Tag Archives: golfo de dulce

Crocs

The following morning I rose early and went off looking for my usual cup of delicious Costa Rican coffee.  I went back to the soda I had been to the previous day and after enjoying my coffee headed out back to a portion of the town I had sort of explored the day before but not entirely to my satisfaction.  It was down a dirt road from one of the restaurant/bars along the coast line about 200 meters south of the boat dock.  The dirt path led to a bunch of vacation bungalows.  It wasn’t the bungalows that had intrigued me the day before, but rather a little sign I noticed off to the side of the parking area for the bungalows.  The sign read “Nature conservation area.  Please limit your visit to 15 minutes”.  I was very interested in this area the day before, but since it was starting to get dark by the time I had fist discovered it, I thought it best to save going in the area for a day activity.  Now that it was daytime however, I wandered in…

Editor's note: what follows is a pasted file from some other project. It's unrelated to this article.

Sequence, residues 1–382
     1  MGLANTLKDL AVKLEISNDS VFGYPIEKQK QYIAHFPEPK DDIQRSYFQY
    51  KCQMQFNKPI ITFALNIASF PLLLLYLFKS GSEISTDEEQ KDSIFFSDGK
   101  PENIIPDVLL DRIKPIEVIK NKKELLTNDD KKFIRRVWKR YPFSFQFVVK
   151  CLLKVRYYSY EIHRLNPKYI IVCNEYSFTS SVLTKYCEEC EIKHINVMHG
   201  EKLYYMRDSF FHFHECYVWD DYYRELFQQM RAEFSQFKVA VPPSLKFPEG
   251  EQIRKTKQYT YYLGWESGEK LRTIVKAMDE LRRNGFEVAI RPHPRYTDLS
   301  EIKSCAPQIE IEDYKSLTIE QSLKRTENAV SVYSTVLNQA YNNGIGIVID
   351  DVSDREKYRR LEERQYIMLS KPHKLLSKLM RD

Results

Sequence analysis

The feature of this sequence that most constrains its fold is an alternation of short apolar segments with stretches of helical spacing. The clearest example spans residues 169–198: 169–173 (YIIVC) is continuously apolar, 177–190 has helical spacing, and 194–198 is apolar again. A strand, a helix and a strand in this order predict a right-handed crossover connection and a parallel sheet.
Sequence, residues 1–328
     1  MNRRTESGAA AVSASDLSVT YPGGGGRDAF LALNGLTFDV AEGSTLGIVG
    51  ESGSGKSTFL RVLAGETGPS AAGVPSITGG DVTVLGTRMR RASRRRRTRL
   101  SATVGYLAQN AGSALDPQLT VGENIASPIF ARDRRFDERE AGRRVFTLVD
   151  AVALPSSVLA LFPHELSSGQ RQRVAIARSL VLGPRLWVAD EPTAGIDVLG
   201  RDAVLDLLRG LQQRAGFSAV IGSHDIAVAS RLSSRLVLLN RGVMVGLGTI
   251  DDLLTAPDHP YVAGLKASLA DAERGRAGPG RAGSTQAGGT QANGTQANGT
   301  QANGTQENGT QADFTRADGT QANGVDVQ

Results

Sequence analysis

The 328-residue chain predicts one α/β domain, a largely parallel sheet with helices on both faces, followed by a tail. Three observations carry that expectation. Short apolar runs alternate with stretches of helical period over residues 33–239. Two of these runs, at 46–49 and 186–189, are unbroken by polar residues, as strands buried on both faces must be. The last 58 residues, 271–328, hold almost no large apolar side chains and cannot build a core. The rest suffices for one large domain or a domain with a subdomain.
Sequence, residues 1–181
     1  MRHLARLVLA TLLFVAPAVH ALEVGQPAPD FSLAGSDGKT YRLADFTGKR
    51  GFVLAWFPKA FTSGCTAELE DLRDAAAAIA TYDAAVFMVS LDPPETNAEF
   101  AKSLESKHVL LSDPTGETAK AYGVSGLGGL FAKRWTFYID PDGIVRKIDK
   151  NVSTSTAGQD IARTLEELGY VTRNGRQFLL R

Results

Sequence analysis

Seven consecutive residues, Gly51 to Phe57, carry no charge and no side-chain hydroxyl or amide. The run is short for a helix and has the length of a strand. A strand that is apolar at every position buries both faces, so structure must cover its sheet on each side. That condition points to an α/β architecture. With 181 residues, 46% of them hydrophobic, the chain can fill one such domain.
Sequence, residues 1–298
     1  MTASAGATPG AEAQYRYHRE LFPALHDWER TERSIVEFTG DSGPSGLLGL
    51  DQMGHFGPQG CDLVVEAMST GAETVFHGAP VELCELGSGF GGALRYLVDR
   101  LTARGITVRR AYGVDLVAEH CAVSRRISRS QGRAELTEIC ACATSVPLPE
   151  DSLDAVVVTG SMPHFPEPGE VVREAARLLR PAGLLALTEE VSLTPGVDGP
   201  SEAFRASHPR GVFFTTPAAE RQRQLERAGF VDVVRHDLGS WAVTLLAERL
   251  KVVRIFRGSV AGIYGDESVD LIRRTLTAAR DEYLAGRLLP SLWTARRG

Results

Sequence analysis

The little trail led through a dense jungle area that lined a river running toward the Gulf.  Birds and several lizards, army ants and spiders could be spotted everywhere.  As I wandered in obviously taking in the beauty of my surroundings, a sudden spotting out of the corner of my eye froze me in my place.  There, along the bank of the river just about 10 feet from me was a crocodile!!!  No fence separated us, it was just him and I.  Now, I have lived in Florida and have been to Gatorland and have seen many a Gator in my time but all from the safe distance or a separation by either a fence or my being locked in a car while they swam in the surrounding swamps.  Never before had I been so close and without any barrier between a croc and myself.  As all of the little tid bits I’d heard about crocs started coming to mind (such as do not run away from them in a straight line but rather confuse them by changing paths often, crocs have tiny brains, try to gouge their eyes out if attacked, etc) in case it decided to start toward me I continued to simply stay frozen and watch the beast.  It hadn’t moved at all and my only choice of path was either to go forward past his area, or retract.  Of course I chose to retract!!  I had only wandered about 5 minutes into the area so getting out wasn’t difficult at all!!